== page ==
The military strategy in Afghanistan

Since 2006, the Taliban have made a dramatic comeback in Afghanistan after being driven from the country in 2002. As security has deteriorated, they have steadily taken control of more and more territory. In response, a new strategic plan for Afghanistan has been formulated by General Stanley McChrystal, Commander of ISAF and US Forces – Afghanistan. On Dec. 3, 2009, this plan was approved by the Obama administration. While there are several important aspects of the strategy, such as political development, economic development, counter narcotics, and the police and justice system, this article will focus on the military aspect.

The strategic environment

The US military has identified three major Taliban groups as representing the primary threat to Afghan security: the Quetta Shura Taliban, the Haqqani Network, and the Hezb-i-Islami Gulbuddin. According to the US military and General McChrystal, These groups often operate together, coordinating activities loosely, but they do not share a single formal command and control structure. Nor do they have a single overarching strategy or campaign plan. Each group has it own methods of developing and executing plans and each has adapted over time.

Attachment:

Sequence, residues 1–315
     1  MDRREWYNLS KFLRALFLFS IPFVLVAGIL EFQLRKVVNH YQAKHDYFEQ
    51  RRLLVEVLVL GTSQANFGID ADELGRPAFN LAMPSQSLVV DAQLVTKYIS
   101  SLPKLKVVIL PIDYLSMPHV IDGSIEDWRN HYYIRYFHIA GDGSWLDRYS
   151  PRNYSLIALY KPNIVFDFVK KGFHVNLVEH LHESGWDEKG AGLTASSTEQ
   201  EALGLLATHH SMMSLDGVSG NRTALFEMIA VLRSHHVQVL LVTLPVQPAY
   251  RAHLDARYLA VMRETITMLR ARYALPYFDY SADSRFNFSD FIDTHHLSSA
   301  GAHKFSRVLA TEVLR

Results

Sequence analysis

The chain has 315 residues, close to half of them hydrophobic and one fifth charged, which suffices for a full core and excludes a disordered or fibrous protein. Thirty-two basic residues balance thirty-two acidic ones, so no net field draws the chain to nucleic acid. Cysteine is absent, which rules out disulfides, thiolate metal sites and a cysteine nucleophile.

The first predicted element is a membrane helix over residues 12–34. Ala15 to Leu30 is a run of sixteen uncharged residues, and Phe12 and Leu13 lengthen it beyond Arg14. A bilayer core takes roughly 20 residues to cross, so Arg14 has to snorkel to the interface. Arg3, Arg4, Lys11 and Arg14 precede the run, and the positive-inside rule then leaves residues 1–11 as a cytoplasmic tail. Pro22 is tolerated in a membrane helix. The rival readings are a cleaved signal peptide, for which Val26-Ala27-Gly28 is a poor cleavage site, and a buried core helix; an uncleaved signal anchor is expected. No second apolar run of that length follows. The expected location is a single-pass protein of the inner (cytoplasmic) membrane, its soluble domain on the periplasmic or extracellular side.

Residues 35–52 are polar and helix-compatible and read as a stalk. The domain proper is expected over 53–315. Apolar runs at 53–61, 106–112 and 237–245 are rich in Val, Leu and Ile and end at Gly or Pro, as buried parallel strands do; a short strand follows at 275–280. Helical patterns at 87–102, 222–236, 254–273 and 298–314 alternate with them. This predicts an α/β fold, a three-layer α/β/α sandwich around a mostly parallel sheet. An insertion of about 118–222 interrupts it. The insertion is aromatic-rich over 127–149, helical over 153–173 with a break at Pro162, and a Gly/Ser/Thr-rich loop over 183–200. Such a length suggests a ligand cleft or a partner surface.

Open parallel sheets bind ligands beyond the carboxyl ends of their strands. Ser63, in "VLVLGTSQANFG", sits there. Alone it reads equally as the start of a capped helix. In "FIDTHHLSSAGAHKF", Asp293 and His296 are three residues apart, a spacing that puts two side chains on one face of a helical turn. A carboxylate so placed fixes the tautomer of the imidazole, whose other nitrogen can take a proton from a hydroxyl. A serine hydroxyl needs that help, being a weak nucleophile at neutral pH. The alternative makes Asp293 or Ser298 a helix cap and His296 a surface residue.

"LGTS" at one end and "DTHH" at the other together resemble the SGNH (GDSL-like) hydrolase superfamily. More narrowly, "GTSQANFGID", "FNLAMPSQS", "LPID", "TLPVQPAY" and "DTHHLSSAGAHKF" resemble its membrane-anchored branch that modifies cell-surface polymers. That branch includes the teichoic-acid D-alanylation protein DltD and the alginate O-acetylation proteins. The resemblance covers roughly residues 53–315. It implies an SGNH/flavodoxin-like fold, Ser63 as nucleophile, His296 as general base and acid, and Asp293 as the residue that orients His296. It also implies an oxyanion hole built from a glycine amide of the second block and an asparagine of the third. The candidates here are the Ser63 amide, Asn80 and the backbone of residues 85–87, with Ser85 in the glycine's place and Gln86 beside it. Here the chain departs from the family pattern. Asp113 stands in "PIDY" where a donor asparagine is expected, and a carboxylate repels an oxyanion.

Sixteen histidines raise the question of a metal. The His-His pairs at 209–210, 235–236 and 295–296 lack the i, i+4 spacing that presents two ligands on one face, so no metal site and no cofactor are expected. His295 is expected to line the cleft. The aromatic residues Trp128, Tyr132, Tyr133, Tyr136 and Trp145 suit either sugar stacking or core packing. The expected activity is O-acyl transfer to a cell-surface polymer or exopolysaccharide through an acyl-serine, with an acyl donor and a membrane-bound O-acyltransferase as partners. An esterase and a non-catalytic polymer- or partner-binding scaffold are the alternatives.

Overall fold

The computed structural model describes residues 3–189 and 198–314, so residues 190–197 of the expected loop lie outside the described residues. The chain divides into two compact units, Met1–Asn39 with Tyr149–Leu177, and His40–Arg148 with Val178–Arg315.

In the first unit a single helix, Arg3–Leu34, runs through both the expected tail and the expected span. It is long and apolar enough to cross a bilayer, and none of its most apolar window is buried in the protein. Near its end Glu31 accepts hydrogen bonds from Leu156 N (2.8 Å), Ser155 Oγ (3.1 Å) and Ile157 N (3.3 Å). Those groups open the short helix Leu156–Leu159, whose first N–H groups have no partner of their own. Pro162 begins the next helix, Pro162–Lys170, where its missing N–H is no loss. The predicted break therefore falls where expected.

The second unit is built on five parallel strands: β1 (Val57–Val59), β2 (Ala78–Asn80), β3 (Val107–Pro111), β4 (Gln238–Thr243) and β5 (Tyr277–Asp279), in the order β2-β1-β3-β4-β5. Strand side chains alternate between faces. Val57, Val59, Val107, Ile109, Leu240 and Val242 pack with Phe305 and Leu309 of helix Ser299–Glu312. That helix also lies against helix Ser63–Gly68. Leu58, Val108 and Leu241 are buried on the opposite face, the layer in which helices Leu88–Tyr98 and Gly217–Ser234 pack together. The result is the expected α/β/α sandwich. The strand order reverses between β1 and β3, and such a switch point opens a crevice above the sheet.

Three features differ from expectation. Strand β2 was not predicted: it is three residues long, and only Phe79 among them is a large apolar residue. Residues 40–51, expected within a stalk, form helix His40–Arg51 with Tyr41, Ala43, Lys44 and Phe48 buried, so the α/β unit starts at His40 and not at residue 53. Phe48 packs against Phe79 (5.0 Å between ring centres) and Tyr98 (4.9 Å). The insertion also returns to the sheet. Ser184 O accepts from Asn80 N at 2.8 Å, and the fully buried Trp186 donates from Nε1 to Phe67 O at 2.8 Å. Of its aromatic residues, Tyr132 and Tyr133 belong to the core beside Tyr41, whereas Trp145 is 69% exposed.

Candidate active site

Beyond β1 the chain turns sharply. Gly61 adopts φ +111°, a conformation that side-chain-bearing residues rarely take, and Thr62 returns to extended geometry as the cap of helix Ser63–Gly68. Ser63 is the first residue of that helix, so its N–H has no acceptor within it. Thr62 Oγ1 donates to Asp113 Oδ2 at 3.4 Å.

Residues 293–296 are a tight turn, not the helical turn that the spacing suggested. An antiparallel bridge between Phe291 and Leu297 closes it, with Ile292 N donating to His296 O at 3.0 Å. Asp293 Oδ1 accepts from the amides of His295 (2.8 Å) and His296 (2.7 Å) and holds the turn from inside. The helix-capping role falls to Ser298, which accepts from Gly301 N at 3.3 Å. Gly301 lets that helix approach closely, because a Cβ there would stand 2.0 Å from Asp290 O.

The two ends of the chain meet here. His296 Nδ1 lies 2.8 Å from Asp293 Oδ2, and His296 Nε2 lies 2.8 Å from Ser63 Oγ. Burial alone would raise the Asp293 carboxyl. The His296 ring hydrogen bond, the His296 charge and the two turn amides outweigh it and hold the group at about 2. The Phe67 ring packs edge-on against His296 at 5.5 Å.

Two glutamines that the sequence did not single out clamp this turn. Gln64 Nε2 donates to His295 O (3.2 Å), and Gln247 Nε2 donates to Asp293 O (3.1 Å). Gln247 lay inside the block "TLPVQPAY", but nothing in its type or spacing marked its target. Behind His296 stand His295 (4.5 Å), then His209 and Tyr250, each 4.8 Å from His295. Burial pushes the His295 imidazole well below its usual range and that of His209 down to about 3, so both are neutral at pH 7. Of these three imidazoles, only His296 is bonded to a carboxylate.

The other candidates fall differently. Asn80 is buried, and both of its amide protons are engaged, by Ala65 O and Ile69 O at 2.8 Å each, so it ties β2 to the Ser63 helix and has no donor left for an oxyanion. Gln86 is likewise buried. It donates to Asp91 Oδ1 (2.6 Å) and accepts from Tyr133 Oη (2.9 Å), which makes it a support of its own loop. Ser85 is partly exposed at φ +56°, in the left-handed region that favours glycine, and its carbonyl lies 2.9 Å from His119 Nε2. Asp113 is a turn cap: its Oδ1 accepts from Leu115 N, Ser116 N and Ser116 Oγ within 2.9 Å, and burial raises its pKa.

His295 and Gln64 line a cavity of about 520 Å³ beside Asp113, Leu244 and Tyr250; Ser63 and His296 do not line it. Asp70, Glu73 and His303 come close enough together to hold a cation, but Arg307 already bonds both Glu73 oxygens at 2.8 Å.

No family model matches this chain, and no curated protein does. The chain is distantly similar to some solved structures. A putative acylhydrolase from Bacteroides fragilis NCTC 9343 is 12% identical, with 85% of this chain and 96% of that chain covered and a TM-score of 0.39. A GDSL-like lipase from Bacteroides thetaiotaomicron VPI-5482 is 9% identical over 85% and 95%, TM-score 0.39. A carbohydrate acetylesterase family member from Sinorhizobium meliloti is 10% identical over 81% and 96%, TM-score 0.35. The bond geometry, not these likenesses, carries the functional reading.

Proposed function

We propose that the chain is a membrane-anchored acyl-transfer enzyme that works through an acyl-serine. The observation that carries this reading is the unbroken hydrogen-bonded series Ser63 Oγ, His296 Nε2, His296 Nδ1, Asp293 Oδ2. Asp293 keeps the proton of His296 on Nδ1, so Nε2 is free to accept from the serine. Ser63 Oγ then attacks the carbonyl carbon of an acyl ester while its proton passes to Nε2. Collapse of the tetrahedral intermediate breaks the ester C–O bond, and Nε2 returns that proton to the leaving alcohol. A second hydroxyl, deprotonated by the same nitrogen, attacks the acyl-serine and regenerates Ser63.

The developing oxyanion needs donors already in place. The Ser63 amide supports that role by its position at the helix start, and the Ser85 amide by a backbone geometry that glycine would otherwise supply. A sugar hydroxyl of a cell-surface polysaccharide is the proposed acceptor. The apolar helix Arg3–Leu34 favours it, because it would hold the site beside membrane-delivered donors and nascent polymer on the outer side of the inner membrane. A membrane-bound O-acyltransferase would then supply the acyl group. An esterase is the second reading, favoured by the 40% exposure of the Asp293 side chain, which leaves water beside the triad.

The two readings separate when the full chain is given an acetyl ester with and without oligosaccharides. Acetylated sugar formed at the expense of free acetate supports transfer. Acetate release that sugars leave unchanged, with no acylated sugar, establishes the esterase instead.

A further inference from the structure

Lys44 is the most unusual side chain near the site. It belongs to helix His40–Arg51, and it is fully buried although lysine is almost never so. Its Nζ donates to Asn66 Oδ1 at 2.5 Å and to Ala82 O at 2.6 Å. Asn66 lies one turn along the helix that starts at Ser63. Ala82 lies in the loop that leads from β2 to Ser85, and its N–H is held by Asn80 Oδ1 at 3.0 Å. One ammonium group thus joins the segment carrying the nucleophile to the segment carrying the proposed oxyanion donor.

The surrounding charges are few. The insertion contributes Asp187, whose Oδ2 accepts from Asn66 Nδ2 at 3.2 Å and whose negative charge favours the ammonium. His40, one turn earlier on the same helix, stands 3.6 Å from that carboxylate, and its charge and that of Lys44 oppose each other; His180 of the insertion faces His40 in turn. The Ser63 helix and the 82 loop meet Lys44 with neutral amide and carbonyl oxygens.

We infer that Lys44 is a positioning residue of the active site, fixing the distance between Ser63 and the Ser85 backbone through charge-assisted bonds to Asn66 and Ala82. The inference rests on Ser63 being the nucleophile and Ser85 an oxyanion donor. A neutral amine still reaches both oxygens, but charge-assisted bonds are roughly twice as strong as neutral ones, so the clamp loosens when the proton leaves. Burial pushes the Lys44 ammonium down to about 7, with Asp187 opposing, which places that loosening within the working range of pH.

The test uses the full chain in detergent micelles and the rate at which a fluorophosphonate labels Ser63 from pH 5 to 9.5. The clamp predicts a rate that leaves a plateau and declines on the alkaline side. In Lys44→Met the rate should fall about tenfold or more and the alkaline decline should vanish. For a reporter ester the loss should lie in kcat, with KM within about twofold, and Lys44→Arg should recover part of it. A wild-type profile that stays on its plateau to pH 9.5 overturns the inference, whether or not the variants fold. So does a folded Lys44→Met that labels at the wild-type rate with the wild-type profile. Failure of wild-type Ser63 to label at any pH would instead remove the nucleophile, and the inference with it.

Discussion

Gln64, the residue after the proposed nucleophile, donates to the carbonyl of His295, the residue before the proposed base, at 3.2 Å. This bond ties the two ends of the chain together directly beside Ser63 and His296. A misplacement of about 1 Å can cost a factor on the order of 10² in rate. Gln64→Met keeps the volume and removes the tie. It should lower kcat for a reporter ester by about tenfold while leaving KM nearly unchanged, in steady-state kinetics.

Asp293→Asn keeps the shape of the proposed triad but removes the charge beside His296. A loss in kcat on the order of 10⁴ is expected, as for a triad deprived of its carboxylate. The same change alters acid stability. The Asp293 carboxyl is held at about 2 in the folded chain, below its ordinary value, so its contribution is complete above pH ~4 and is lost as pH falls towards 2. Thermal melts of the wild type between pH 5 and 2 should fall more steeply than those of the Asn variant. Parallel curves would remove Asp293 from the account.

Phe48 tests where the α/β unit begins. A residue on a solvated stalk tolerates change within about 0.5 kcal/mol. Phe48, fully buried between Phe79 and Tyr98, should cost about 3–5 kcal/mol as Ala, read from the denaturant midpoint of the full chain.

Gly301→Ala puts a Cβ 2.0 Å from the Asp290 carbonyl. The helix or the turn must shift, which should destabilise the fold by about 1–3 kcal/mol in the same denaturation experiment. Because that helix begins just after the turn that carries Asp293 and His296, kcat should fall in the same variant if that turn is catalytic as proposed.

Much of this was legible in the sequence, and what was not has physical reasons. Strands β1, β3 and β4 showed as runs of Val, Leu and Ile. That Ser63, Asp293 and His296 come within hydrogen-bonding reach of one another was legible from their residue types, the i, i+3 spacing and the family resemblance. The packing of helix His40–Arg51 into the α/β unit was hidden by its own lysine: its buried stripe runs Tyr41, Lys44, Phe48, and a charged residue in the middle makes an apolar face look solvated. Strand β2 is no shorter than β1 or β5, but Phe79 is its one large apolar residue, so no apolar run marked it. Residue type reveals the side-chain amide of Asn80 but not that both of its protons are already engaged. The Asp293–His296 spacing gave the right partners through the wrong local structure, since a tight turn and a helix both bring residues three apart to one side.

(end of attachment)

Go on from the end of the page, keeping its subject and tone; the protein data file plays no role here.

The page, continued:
The Taliban groups have made significant inroads in Afghanistan, especially in the southern and eastern portions of the country. Violent attacks constitute the most visible part of this insurgency; targets are the ISAF forces, Afghan security forces, and the civilian population. These violent attacks are designed to further recruiting and financing efforts, to provoke reactions from ISAF that further alienate the population, and to weaken the government by demonstrating its inability to provide security.

In addition, the Taliban wage a silent war of intimidation and persuasion to gain control of the population. These efforts make possible the existence of Taliban shadow governments in virtually every province that actively seek to control the population and displace the national and local governments and traditional power structures.

The Taliban currently have the initiative in Afghanistan. As a result, the ordinary Afghan civilian’s confidence in the Afghan government has been declining.